After receiving my CPP, a friend told me “The next step in your career is to start competing”.  That terrified me. I had no idea where to begin, how to shoot for competition, how to prepare the images, what judges looked for, what they didn’t like…. or even how or where to enter!  It was all so new to me and completely terrifying.  Also, it costs money to enter and I was being very careful with where I spent my business dollars and I just couldn’t justify the cost.  Last year I got an email from PPA saying that since I’d been member for 2 years, they would waive my entry fee. How could I not enter? I had no excuse now.  So I started talking to my good friend, Kim Hartz, who competes regularly and she helped me get started. I joined a couple groups on Facebook that were specifically for print competition, met a few amazing mentors who held my hand through the process, and entered last year for the first time. Now, I’m totally hooked!  I will say that I don’t shoot too much differently now, but, I’m much more aware of lighting, composition, items in an image that don’t need to be there, and story telling. These are all things that make any image more beautiful.

 

What was your most valuable marketing strategy when you started your business?

Customer satisfaction and word of mouth.  I did print advertising and I did internet advertising with no luck. I think your best advertising is a happy customer who will sing your praises to their friends.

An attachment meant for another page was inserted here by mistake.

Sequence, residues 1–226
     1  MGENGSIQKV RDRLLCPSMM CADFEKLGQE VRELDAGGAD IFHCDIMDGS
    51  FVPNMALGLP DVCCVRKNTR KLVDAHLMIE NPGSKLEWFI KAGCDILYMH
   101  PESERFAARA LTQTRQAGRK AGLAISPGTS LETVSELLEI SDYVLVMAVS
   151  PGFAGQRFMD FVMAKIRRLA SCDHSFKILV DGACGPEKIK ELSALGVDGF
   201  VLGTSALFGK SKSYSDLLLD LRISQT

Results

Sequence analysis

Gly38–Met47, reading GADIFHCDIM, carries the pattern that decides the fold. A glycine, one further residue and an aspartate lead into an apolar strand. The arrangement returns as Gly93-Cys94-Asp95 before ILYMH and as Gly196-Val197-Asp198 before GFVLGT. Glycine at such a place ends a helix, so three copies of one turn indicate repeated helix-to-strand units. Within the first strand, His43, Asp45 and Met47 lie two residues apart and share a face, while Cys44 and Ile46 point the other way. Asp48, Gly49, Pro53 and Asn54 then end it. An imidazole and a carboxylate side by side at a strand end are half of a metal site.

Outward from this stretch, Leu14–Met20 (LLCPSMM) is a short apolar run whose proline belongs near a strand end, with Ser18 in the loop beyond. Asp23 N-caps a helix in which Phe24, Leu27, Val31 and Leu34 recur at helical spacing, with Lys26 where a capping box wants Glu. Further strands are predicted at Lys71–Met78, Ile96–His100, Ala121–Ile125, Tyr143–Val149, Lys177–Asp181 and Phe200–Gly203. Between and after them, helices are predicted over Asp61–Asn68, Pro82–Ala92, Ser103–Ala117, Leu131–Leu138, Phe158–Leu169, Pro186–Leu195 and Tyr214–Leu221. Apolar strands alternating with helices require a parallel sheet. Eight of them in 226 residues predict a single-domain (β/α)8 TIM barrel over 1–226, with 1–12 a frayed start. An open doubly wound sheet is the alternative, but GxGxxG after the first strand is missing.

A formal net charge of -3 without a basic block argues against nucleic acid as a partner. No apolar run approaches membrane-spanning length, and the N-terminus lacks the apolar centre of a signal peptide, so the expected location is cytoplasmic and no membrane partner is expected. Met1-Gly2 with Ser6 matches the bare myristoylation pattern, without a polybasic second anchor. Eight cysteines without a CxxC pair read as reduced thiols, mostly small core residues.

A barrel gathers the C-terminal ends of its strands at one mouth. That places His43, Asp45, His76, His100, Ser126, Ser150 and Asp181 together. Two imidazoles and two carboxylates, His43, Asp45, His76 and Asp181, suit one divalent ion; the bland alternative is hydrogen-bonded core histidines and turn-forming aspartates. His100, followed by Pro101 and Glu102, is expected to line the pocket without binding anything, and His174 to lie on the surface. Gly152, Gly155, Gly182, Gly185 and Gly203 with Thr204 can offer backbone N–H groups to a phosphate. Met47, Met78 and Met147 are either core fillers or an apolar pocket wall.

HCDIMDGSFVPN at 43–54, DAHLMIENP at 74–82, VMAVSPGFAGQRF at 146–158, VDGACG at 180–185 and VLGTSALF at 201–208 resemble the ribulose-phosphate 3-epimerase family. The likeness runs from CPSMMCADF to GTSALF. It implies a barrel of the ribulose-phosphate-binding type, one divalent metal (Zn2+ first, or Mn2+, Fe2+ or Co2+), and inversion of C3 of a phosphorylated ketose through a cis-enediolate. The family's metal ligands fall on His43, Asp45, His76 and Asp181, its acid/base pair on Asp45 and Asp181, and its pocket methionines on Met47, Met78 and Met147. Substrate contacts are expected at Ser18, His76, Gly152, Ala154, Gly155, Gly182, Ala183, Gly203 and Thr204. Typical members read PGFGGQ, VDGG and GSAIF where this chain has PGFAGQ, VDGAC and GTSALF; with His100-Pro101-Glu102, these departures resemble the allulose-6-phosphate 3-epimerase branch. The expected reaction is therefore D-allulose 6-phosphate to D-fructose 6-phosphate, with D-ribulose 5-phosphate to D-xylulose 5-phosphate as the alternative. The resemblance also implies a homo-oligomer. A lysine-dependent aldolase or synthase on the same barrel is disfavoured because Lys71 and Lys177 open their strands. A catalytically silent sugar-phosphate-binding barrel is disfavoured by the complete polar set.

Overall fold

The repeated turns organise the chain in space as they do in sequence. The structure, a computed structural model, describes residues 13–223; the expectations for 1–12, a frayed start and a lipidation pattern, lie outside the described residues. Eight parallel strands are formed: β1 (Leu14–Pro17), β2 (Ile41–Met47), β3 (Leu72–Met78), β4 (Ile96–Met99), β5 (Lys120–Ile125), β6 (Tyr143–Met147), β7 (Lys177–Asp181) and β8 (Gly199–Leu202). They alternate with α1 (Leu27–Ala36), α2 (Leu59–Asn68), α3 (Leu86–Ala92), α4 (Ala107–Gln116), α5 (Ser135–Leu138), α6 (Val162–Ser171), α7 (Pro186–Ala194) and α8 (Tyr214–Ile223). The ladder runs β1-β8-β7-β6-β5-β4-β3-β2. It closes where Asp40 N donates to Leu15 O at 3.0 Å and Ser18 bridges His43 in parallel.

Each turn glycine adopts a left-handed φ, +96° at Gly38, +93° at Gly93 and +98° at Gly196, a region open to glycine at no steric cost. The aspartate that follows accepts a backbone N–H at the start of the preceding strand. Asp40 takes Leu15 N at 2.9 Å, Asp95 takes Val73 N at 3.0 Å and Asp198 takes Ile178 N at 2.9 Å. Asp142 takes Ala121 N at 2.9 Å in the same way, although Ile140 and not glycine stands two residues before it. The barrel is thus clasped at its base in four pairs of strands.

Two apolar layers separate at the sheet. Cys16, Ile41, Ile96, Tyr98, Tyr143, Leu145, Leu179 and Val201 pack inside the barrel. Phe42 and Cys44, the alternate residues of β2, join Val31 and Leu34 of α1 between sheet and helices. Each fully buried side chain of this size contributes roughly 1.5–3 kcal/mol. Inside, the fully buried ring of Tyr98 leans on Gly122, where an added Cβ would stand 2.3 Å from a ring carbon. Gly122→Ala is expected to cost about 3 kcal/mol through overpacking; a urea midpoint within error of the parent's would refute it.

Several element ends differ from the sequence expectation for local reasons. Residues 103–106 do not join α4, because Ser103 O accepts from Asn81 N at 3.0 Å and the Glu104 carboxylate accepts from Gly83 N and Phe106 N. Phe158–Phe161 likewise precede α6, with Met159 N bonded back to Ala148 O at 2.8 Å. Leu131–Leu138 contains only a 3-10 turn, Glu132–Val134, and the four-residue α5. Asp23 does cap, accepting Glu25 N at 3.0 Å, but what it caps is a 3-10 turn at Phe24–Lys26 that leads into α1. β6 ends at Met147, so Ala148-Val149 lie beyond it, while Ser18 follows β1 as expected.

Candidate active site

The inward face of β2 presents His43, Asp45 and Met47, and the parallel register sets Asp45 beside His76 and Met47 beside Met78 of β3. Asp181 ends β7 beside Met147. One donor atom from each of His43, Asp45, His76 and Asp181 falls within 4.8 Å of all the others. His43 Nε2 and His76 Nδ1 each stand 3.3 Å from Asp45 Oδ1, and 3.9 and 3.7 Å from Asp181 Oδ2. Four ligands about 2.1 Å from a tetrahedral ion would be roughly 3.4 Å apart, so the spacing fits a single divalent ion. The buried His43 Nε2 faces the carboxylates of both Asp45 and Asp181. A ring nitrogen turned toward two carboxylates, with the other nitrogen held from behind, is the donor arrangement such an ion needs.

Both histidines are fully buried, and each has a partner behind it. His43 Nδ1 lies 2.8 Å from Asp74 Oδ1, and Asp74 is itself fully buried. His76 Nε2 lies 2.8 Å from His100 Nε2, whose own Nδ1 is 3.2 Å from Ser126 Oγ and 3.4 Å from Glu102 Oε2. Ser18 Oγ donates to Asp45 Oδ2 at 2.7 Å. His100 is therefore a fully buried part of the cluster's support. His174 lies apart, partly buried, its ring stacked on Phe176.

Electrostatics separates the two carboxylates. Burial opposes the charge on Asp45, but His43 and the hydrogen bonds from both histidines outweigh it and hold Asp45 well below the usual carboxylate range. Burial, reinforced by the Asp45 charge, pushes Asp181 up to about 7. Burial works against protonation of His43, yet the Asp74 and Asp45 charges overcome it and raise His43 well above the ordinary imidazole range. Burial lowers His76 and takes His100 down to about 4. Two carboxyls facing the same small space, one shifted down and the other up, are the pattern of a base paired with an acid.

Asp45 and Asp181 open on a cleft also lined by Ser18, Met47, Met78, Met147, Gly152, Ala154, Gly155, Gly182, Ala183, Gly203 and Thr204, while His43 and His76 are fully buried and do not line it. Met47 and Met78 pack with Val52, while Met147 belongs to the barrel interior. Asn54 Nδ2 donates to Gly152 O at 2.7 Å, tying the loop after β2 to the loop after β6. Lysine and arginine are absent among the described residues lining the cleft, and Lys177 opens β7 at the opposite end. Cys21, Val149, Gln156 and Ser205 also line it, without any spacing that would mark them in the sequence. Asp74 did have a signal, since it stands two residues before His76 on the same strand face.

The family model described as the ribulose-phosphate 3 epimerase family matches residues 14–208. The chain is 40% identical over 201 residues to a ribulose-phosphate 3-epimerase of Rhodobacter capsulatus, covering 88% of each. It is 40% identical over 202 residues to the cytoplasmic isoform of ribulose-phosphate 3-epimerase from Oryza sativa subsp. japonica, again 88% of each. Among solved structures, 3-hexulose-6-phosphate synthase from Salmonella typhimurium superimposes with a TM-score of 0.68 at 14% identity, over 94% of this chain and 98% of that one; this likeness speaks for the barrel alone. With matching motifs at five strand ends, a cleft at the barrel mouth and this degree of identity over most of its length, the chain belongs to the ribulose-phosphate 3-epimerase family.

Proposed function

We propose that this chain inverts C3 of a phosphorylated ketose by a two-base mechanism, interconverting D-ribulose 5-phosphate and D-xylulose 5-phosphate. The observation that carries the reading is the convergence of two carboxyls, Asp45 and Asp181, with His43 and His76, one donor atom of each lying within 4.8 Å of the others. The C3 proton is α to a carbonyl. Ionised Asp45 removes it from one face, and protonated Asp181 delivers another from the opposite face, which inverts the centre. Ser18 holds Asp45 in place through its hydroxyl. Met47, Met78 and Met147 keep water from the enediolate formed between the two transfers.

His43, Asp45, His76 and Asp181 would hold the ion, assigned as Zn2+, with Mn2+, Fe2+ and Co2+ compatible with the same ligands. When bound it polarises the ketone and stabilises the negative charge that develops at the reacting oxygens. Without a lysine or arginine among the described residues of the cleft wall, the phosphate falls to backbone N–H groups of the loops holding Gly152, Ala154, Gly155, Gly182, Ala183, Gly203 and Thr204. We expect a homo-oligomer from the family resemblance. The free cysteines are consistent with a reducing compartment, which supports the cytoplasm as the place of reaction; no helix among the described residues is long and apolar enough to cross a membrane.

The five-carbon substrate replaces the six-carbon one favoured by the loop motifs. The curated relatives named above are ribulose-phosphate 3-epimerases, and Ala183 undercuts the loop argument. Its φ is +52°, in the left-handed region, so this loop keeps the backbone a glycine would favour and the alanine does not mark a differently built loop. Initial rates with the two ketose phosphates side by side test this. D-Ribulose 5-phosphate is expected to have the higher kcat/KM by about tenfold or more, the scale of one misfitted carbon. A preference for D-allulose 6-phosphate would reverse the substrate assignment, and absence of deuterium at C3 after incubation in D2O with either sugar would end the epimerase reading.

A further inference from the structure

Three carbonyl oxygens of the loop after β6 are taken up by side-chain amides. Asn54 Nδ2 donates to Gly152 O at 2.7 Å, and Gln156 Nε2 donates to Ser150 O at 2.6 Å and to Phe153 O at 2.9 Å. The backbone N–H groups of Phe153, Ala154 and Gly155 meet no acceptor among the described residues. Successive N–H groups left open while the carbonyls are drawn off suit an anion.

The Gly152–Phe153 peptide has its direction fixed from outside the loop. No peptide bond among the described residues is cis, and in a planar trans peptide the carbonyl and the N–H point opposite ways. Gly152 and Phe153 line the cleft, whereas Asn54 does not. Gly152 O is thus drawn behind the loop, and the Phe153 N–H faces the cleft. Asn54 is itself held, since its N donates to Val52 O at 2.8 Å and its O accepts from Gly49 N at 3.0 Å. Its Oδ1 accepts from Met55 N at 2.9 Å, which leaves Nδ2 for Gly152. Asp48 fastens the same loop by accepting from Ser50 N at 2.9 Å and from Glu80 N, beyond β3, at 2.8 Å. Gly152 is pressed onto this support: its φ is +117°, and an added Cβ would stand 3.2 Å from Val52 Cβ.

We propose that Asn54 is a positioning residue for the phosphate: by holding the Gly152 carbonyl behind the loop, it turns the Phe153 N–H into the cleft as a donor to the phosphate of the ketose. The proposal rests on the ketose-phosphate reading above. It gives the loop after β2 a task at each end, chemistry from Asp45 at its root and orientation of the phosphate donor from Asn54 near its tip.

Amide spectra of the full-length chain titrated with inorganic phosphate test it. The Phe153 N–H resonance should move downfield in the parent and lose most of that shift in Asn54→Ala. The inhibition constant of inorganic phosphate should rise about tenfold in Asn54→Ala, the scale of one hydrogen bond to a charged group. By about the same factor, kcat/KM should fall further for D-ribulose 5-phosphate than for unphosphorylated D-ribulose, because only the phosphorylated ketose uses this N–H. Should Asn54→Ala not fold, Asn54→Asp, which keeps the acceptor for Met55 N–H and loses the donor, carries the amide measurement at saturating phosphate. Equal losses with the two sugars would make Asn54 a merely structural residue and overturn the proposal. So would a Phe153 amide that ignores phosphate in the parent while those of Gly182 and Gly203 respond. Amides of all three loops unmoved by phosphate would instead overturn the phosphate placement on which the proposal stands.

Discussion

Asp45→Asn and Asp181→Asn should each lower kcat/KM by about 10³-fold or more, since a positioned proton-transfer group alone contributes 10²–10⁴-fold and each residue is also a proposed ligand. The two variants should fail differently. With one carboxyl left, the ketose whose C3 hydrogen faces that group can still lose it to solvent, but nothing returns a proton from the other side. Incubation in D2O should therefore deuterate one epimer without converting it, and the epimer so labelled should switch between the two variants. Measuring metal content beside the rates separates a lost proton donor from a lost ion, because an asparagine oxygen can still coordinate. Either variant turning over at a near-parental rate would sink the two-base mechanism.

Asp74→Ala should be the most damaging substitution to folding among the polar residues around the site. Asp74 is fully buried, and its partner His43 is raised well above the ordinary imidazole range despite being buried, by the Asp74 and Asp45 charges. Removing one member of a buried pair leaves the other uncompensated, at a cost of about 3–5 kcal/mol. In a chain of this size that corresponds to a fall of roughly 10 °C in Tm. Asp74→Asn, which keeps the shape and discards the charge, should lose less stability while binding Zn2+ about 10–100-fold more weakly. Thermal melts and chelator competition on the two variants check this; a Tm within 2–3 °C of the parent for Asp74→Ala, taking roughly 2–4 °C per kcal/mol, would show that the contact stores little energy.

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What is your most valuable marketing strategy now? 

Still the same… Good Customers Service and a Happy Client!

 

A photography business can’t stay in business long without sales.  Tell us a bit about the sales strategies that have worked well for you. 

I started out selling only prints and wall art and marking up my digital images quite high not really wanting to sell digitals. I wanted my work to be displayed in my customer’s home on their walls.  In my market, I received so many requests for digital images that I am now selling “digital collections”.  That has really opened up another market for me for people who want the memories of their pets, but not necessarily a huge portrait for their wall. There is not just formula for success. Every market is different so you have to find what works for you.

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What is your favorite part of your job?

I absolutely LOVE photographing dogs and cats that are homeless. I love giving them that extra chance of finding a home to love them forever.

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You are very involved with HeARTs Speak, please tell us a little bit about your experience helping shelter animals.

I have actively photographed shelter and foster dogs & cats now for over 5 years. It’s the most rewarding things I’ve done in my life… volunteering my time to save animals.  Being a member of Hearts Speak has also given me opportunities to create more income while volunteering through partnerships that HeARTs Speak has with companies such as Bark Magazine, Country Living, Cesars Way Magazine, Petco, and many more. There are so many exciting opportunities for HeARTs Speak members!

Thank you Nicole for featuring me! You have a fantastic blog and so many wonderfully talented followers.

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Thank you so much for taking the time to share your experiences with us!  Please let us know where we can find you online.

Website:  http://jennyfroh.com

Blog:  http://jennyfroh.com/blog/

Facebook:  https://www.facebook.com/jennyfroh

Twitter:  https://twitter.com/sjfroh

Teaching:  http://pawprintdivas.com

Google +:  http://google.com/+JennyFroh